noah, good to see you. thanks for being with us. >> thanks for having me back, ali. great to be here during community banking month. >> we often hear complaints from bankers about regulations, but often, those are bankers who many americans, rightly or wrongly, hold somewhat responsible for the stuff that led to the financial crisis. you guys are sort of at the receiving end of the tough new rules that you say are hurting you. tell me about them. >> absolutely. community banks have been disproportionately impacted by the sins of wall street and as the regulators and as congress crafts rules in the wake of the financial crisis to try to curb that from happening in the future, the laws are and the rules and the regulations are applied universally across the system. at a time community bank sector doesn't have the wherewithal in many cases to pick up on the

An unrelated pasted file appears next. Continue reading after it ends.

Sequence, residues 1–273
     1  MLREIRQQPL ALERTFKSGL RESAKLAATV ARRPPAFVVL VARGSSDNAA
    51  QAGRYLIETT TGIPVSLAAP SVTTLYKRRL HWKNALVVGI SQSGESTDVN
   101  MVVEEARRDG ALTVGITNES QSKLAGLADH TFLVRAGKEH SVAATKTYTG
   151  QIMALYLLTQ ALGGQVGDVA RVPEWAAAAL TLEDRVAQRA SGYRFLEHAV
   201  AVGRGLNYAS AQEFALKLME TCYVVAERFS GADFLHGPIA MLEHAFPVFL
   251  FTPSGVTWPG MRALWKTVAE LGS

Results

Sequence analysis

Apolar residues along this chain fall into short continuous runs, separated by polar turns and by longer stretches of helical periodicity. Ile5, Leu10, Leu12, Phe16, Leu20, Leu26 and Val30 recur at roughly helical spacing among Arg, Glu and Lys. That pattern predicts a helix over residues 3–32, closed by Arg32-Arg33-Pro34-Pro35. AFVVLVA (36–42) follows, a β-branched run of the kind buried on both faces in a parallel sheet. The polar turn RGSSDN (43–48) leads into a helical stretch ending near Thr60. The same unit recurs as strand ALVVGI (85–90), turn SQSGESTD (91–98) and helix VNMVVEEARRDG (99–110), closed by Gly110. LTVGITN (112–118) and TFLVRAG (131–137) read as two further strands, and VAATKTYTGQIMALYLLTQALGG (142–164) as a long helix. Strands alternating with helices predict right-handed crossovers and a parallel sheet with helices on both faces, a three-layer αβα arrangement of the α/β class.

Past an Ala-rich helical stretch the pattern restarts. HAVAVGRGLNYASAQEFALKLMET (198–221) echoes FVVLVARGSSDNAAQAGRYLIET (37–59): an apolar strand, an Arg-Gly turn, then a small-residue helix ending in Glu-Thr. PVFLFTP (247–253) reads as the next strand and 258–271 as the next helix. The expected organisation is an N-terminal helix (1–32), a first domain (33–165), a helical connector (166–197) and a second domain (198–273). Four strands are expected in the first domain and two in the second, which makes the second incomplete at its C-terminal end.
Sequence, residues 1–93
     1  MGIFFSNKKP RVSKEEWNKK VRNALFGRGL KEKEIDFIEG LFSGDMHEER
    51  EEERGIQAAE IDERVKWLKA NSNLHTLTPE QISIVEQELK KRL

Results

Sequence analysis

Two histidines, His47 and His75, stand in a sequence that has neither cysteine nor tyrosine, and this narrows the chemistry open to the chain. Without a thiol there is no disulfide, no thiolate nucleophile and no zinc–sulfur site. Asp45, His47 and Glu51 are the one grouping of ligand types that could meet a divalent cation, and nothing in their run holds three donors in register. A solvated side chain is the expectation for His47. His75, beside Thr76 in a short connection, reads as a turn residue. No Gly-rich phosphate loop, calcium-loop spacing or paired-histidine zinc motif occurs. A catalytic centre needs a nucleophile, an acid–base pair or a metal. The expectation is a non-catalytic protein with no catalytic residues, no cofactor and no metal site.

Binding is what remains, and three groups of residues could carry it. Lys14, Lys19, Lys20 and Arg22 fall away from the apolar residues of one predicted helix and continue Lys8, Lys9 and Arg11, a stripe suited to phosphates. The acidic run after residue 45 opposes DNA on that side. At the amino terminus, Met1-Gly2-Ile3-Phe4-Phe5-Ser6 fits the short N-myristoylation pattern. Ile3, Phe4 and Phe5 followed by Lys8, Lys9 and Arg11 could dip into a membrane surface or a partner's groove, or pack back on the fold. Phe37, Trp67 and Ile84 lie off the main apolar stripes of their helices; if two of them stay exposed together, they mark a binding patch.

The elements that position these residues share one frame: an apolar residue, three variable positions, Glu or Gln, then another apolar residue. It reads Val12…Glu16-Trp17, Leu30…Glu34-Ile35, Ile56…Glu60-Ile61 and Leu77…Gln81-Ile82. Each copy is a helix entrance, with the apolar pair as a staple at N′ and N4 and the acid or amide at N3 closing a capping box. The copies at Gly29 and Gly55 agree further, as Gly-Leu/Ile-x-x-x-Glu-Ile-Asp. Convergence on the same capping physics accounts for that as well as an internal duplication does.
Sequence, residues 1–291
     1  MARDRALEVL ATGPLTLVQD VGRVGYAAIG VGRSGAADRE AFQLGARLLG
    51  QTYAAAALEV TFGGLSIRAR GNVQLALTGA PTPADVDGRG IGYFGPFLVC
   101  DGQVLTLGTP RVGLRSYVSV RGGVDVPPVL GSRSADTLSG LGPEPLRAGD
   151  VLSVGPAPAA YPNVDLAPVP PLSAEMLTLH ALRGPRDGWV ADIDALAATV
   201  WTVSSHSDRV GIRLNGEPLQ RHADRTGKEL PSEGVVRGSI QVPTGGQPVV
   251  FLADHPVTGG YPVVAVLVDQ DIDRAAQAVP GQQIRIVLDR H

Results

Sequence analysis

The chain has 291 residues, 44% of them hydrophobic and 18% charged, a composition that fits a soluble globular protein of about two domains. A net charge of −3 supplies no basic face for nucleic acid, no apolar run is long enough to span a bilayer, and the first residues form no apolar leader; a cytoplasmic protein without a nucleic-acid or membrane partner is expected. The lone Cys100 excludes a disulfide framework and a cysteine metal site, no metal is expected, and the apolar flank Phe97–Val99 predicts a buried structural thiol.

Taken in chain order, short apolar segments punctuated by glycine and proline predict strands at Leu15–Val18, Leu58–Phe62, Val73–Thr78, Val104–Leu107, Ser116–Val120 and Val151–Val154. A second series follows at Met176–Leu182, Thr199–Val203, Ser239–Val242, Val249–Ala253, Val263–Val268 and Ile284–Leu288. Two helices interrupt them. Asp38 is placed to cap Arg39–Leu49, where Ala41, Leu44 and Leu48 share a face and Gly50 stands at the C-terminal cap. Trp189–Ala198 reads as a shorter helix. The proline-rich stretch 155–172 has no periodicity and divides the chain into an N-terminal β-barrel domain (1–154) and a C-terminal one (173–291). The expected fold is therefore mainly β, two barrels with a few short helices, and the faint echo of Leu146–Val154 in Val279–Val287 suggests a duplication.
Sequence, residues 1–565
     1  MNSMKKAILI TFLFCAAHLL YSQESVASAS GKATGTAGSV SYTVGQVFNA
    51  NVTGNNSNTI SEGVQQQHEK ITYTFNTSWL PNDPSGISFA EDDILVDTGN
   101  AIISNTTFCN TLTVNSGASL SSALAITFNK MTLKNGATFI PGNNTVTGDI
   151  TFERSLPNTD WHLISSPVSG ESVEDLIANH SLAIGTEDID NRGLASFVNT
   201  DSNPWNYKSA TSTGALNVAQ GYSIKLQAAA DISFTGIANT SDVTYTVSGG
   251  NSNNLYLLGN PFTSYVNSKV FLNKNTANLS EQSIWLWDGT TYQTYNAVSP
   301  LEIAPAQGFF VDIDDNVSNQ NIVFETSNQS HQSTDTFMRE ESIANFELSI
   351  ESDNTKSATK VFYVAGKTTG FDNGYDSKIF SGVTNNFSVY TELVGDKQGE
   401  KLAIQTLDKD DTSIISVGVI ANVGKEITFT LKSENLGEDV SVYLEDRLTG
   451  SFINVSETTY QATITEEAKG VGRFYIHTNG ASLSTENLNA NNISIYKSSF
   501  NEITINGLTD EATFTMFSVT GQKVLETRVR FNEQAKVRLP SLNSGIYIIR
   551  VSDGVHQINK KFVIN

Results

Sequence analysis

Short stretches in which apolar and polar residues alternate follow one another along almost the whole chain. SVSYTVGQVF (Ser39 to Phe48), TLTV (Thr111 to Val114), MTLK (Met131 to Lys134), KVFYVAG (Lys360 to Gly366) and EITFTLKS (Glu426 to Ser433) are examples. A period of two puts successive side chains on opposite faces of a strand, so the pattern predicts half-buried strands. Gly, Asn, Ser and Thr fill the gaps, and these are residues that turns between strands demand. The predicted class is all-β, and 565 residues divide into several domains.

expertise, additional compliance folks, attorneys, things of that nature, to comply with those rules and you have a framework that is growing in scope and size intending to address the largest banks in the country when 7,000 of those fdic insured charters are small community banks serving urban and rural areas across the country who have a very simple traditional business model where they are taking local deposits and making local loans and their regulatory framework should reflect that simplicity. >> give me a sense of how, in effect, your customers -- you lend out money for mortgages, commercial loans. how does it affect your customers that these regulations are being imposed on a small back like yours? >> the well, the shear volume of paperwork, you know, if you came any to get a mortgage a few years ago, you might have 20 pages of documents, and i would say it's up wards of probably 40 now, the dis closure language is very complicated. it's not easy for the consumer